In single CPU systems 100A and 100B, CPU 101 is the “master” which, in combination with the operating system and applications software, controls the overall operation of system 100. Among other things, CPU 101 performs various data processing functions including numerical and word processing, generates graphics data, and performs overall system management. CPU 101 may be for example a complex instruction set computer (CISC), such as an Intel Pentium™ class microprocessor, a reduced instruction set computer (RISC), such as a Apple PowerPC™ microprocessor, or a very long instruction word (VLIW) machine.
CPU 101 communicates with the remainder of system 100 via CPU local address and data buses 102 and 103, each of which may be for example a special bus, or a general bus, as known in the art.
Core logic/memory controller 105, under the direction of CPU 101, controls the exchange of data, addresses, control signals and instructions between CPU 101, system memory 105, and peripherals 108/111 via bus 107 and/or PCI bus bridge 109. Although the core logic/memory controller allows tasks to be shifted from the CPU, thereby allowing the CPU to attend to other CPU-intensive tasks, the CPU can always override core logic/memory controller 105 to initiate execution of a higher priority task.
Core logic and memory controllers are widely available in the PC industry and their selection and application well known by those skilled in the art. The memory controller can be either a separate device or incorporated into the same chip set as the core logic. The memory controller is generally responsible for generating the memory clocks and control signals such as SCLK (System Clock) /RAS, /CAS, R/W and bank select, and Monitors and controls cell refresh. The memory controller may also have some address generation capability for accessing sequences of pages.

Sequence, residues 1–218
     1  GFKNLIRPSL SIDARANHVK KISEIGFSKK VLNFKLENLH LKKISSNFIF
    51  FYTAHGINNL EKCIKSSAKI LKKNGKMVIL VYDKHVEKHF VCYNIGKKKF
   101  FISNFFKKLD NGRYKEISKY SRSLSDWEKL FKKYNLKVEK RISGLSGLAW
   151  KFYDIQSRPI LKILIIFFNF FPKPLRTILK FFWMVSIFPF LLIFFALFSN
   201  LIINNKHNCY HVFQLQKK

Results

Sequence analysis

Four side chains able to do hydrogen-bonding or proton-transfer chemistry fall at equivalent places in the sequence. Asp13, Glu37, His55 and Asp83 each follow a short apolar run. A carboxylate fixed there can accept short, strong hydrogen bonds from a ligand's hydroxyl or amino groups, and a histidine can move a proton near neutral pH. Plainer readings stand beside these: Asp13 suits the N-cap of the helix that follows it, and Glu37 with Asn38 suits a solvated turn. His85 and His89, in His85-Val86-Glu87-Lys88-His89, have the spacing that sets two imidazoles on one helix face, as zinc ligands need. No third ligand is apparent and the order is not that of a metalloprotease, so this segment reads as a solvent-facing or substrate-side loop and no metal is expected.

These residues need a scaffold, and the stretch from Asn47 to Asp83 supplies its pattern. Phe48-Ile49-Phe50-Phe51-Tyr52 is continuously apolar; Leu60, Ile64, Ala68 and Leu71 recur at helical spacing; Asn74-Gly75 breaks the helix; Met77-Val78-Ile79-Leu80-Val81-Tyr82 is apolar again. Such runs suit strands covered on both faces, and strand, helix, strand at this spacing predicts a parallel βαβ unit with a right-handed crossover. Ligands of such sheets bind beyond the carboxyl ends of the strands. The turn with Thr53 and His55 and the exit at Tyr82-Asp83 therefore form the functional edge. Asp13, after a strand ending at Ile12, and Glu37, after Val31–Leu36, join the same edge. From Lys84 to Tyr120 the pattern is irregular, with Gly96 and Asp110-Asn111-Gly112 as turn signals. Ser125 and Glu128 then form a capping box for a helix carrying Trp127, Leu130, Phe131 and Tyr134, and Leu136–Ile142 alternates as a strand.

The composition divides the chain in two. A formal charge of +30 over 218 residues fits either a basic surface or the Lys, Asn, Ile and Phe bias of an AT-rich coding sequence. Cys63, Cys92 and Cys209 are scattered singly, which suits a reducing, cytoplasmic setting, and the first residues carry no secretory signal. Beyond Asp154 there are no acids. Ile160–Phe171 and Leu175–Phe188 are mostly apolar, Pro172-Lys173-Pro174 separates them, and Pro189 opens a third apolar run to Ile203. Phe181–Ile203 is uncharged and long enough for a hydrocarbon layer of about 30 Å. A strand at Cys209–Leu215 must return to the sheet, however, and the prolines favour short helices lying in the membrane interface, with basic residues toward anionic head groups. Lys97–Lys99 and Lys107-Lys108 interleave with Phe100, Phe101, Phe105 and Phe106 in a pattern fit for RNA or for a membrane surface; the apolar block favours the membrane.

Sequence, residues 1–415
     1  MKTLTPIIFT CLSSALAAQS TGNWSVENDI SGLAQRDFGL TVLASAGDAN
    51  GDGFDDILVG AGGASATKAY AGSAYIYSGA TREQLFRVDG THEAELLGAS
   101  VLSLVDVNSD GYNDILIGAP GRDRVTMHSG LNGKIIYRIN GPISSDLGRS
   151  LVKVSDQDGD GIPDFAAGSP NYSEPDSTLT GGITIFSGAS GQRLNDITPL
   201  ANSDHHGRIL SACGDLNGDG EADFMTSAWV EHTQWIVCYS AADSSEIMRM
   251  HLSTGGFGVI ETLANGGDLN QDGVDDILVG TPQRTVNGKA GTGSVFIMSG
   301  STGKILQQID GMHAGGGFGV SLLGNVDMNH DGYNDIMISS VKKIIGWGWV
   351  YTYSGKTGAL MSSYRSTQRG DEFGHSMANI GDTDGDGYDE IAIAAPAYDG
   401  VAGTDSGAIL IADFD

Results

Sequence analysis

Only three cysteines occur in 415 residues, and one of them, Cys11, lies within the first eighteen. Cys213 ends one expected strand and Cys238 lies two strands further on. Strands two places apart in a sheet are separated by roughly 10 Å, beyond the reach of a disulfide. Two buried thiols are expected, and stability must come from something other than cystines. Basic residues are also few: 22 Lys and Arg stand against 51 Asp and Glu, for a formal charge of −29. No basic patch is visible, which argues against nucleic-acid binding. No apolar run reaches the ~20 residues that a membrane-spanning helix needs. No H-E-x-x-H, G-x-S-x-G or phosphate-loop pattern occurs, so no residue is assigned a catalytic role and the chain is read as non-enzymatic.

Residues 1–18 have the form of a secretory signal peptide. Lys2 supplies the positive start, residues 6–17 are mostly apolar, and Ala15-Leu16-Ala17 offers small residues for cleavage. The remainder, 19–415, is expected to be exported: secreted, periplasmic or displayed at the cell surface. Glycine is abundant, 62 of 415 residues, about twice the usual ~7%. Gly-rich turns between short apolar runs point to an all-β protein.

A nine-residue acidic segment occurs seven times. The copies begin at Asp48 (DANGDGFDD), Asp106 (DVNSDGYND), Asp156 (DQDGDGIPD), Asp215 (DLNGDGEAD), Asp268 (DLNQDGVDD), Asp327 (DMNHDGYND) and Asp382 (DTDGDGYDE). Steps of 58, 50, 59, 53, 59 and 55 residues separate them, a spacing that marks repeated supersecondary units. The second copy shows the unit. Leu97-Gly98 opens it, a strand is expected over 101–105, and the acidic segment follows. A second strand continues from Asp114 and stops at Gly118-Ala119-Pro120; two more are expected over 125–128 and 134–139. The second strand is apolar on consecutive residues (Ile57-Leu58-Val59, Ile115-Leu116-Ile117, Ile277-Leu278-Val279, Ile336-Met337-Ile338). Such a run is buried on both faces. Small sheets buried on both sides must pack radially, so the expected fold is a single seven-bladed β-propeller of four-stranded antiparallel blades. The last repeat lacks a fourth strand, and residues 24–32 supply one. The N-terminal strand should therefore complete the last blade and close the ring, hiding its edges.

The core logic is typically comprised of a chip-set, with one or more chips typically being “address and system controller intensive” and one or more chips typically being “data intensive.” Among other things, the address intensive chip(s): interfaces CPU 101 with address bus 103; maintains cache coherency, including the cache tags, set associative cache tags and other data necessary to insure cache coherency; performs cache “bus snooping”; generates the control signals required for DRAMs in the system memory or cache; and controls general management transactions. The data intensive chip(s) generally: interfaces CPU 101 with the data bus 102; issues cycle completion responses; may abort operations if their cycles are incomplete; and arbitrates for the data path of bus 102.
CPU 101 can directly communicate with core logic/memory controller 103 or through an external (L2) cache 104. L2 cache 104 may be for example a 256 KByte fast SRAM device(s). Typically, the CPU also maintains up to 16 kilobytes of on-chip (L1) cache.
PCI bus bridges, such as PCI bus bridge 109, are also well known to those skilled in the art. In the typical PC, the CPU is the bus master for the entire system and hence devices such as PCI bus bridge are slave devices which operate under command of the CPU.
Peripherals 107/111 may include a display controller and associated frame buffer, floppy drive controller, disk driver controller, and/or modem, to name only a few options.
The principles of the present invention may also be embodied in multiprocessing devices and systems. Although a number multiprocessing architectures exist to which the principles of the present invention can be applied, FIGS. 2A, 2B and 2C respectively depict exemplary multiprocessor architectures 200A, 200B and 200C for discussion purposes.